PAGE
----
Like many sole practitioners, I started out as a wage slave and only became self-employed about midway through my career. It was something of a happy accident really. It certainly wasn't planned that way!
I spent most of my early career in financial services and worked for various banks, finance houses and insurance companies throughout the 80s and 90s, studying part-time for the ACCA exams and finally qualifying in 1988. I had a CV as long as your arm, but all that background actually did me a lot of good, as it gave me a breadth of experience few people in the industry had.
It didn't teach me very much about being an accountant though, not a real one anyway. That only really happened when I started contracting in the late 90s and running my own company. Maybe it was the buzz of being (more or less) my own boss or maybe it was just the tax savings, but I never wanted a "permanent" job after that. In just a couple of years, I learnt more about tax returns, and more importantly tax planning, than in the whole of my career up to that point. In fact, the other contractors started asking me to do their accounts too, so I got my practising certificate in 2000 and re-branded the business as Acumen Accounting.
Back then it was just a spare time practice, as I had a full-time job running the finance function for a group of captive insurance companies. This came in handy when IR35 first reared its ugly head in 2000, as I had a separate contract with each company and, crucially, was able to draft the basic terms and conditions. This kept me on the right side of the taxman, but IR35 also encouraged me to take on more private clients and market my burgeoning practice as a real business, mainly through the website. This worked quite well, as few accountants had their own website in those early internet days, and I was able to steal a march, so much so that when I came to a cross-roads in my career a couple of years later, the way forward was obvious.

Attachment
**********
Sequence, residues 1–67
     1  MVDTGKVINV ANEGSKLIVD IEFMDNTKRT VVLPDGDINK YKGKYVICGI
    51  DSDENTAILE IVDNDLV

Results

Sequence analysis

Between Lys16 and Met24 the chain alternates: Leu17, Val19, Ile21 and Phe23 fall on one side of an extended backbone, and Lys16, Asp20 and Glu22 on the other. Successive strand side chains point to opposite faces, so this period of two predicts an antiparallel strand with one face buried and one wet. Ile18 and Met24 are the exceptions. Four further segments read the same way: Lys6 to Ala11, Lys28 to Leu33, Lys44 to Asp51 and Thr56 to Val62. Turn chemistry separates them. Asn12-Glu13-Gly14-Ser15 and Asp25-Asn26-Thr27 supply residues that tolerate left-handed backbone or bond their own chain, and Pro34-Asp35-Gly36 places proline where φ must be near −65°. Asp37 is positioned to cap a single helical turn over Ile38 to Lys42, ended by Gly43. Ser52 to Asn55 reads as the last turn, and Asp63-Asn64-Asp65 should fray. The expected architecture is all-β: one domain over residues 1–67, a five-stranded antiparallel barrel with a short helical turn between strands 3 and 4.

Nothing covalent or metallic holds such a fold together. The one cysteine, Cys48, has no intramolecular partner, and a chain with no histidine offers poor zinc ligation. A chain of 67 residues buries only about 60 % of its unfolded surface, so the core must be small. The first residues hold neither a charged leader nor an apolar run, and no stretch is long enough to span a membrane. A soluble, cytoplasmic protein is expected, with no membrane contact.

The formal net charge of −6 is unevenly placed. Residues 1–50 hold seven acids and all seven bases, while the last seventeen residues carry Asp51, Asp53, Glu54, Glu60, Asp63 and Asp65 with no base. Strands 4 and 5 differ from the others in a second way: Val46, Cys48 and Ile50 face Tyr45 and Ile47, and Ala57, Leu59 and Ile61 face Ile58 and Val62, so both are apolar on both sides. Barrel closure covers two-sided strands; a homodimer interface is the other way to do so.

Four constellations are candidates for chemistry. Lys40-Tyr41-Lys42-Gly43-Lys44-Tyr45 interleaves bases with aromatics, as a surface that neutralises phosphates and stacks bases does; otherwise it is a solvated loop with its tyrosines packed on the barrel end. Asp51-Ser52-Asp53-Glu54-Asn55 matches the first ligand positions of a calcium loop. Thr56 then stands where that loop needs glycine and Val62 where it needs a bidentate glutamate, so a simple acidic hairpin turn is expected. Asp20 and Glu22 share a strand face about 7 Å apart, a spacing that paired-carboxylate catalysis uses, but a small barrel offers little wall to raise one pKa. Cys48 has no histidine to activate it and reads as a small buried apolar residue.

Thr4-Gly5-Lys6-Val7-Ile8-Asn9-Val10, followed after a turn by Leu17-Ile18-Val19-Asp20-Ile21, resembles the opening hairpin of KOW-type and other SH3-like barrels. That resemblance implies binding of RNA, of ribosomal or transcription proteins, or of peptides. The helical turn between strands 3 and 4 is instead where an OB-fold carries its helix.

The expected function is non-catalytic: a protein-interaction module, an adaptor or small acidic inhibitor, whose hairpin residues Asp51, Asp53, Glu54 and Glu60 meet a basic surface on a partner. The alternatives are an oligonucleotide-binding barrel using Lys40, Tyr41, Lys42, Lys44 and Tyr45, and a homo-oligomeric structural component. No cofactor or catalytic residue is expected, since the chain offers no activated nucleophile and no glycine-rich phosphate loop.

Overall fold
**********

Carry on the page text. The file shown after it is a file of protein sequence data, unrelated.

The group had decided to outsource their insurance operations, and only a small team of us remained to manage the handover. I had a choice between finding a new position or staying on 2 days a week for a while and using that interim period to dip my toe in the water and see if I wanted to go into public practice full-time. It was a no-brainer. I went for it, and I've never regretted it for a single moment ever since.
For one thing, I actually feel as though I'm doing something useful these days. My clients are really appreciative of the work I do for them and rely on my advice. So different from the old days, when I felt more like a cog in a machine, and I certainly never really felt appreciated. Back then, I seemed to spend more time sorting out staff issues or sitting in weekly meetings than doing any useful work, and I was getting bored with the repetitive cycle of head office reporting and regulatory returns.
I came to another career cross-roads in 2008 when the "old job" finally came to an end and simultaneously my largest client created his own accounts department, precipitating a big drop in turnover. I decided to focus more on the tax side of things, so set up a new brand called Acumen Tax Solutions and marketed it with a series of fact sheets, which ranked highly on the internet and drove business towards the main website.
I've always enjoyed tax more than accounts and by that time I'd added considerably to my knowledge and experience. Anyway, there's not much money in number-crunching any more. Those days are over. You have to be more of an all-rounder now and advise on all sorts of things, from IT to HR to tax, and I find the tax work a lot more fulfilling. I've even found the time to write a couple of Tax Cafe books which have helped to put me "on the map" so to speak.